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Posts Tagged ‘Everglades’

Map: Jacob Turcotte/Christian Science Monitor.
Efforts are afoot in Florida to save the the biodiversity of the Everglades by saving the water.

Last Thanksgiving, when John and family went to Florida, they sent great videos of a ride on one of those Everglades airboats that seem to float above the surface and allow visitors to get up close and personal with Everglades wildlife.

I had read, though, that the Everglades region was in trouble from overdevelopment and water pollution. Today’s article shows people are making a strong effort to protect it.

Richard Mertens has the story at the Christian Science Monitor, “Eight hundred feet up, the helicopter banks hard to the left. The horizon disappears. Mark Cook, an avian biologist, peers out his side window at a small irregular patch of water below. It’s hardly distinguishable from innumerable other patches that lie in every direction, dark and shining amid a ragged expanse of brown marsh grass and green tree islands.

“There’s one small difference: This patch is flecked with tiny specks of white, scattered like scraps of paper around a puddle.

“ ‘This year is pretty quiet,’ Dr. Cook has been saying. ‘It’s not very good for wading birds.’

“Now he looks more closely. The specks resolve into a variety of different birds, not all of them white: great egrets, snowy egrets, wood storks, white ibises, and pale pink roseate spoonbills, all standing in and around the shallow water. …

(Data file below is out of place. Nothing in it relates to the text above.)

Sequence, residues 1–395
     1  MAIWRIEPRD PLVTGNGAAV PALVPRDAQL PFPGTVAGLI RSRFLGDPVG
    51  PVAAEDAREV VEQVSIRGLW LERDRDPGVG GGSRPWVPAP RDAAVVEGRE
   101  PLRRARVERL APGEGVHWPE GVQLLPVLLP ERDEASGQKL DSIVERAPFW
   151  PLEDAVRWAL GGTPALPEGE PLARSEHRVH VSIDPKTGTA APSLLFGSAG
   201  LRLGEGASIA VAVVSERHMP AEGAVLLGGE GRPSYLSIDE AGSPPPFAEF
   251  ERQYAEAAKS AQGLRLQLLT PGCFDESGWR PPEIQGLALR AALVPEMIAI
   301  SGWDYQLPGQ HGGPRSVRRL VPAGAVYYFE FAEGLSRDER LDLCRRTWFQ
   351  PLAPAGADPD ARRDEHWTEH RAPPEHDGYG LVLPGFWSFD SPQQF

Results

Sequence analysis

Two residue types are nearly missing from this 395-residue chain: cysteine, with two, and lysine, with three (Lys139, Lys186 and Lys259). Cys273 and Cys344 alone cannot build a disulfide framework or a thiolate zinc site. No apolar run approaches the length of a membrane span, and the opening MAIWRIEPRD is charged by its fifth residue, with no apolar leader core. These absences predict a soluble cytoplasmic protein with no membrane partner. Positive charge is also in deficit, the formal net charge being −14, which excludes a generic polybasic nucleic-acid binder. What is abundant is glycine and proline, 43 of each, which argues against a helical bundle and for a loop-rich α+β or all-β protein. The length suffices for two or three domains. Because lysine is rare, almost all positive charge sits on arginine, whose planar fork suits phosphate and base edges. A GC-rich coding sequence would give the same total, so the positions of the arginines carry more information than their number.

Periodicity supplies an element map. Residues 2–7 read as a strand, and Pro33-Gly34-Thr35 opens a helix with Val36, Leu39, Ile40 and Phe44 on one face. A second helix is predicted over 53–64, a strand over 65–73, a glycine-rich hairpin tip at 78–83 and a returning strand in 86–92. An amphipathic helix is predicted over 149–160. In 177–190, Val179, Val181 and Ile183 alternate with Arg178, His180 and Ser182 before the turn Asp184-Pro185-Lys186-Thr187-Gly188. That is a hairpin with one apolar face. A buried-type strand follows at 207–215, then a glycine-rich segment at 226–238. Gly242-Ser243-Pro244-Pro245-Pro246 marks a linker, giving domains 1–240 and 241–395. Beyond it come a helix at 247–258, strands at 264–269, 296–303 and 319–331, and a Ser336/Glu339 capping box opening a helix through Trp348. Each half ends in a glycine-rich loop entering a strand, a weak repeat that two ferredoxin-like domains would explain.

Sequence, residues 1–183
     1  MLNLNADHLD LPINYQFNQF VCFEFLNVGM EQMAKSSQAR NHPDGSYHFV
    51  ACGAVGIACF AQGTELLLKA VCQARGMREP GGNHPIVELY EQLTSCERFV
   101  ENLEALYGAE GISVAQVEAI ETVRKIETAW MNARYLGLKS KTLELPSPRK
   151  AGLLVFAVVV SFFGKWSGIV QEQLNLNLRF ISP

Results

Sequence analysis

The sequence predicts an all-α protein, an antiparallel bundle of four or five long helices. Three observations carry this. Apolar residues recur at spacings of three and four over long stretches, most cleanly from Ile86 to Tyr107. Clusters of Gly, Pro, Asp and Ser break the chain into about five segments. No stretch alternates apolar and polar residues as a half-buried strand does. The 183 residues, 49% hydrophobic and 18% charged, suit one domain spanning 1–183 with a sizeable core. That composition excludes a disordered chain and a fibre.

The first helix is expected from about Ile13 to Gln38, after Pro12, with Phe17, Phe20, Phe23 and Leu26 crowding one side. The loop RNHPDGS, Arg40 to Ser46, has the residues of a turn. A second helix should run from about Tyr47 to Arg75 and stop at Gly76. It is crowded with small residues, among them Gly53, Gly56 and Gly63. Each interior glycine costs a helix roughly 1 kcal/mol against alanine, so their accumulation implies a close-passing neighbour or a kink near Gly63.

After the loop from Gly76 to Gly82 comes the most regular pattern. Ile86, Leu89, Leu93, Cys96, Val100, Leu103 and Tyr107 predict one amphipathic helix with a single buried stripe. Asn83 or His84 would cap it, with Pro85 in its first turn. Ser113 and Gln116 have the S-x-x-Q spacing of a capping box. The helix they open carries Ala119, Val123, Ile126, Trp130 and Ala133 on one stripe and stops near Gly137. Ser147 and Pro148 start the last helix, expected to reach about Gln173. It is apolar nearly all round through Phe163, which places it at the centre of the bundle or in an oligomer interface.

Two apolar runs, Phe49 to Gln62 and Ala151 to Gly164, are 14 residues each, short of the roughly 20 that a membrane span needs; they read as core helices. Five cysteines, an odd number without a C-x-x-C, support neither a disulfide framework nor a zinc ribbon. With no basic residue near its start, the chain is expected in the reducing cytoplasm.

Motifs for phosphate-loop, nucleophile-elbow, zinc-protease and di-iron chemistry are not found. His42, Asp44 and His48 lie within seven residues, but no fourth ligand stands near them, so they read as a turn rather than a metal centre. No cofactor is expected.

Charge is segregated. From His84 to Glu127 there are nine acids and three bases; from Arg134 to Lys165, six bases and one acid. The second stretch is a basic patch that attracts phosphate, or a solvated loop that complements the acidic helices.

“For the birds of the Everglades, it’s not really been good for almost a century. First came the plume hunters of the 1800s and early 1900s, who shot birds by the thousands so that their feathers could adorn women’s hats in New York and London. Then came the speculators, developers, and visionaries who did more lasting damage, draining the marshes, logging the cypress swamps, digging canals, and building levees. They turned the Everglades into fields and housing tracts until half of it was gone. What’s more, says Paul Gray, a biologist with Audubon Florida, ‘The half of what’s there is all screwed up.’ 

“Today the state of Florida, the federal government, and many private organizations and individuals are working to bring the Everglades back -– at least the half that’s still left. Everglades restoration became national policy in 2000 when Congress adopted the $7.8 billion Comprehensive Everglades Restoration Plan.

“Since then, lawsuits, political fighting, and dwindled funding have at times slowed progress. But in recent years restoration efforts have gained momentum. Some projects have been completed, and new ones are underway. …

“ ‘The Everglades ball is rolling,’ says Peter Frederick, a retired wildlife ecologist at the University of Florida and an expert on Everglades restoration. 

“But will it work? Everglades restoration is a long-term undertaking. It’s expected to cost $23.2 billion and take until 2050 to finish. People often say it’s the largest ecological restoration project ever. ‘A lot could stop it,’ says Dr. Frederick. …

The Everglades system is unique in the world, an inextricable mix of water and vegetation resting on a shallow bed of porous limestone.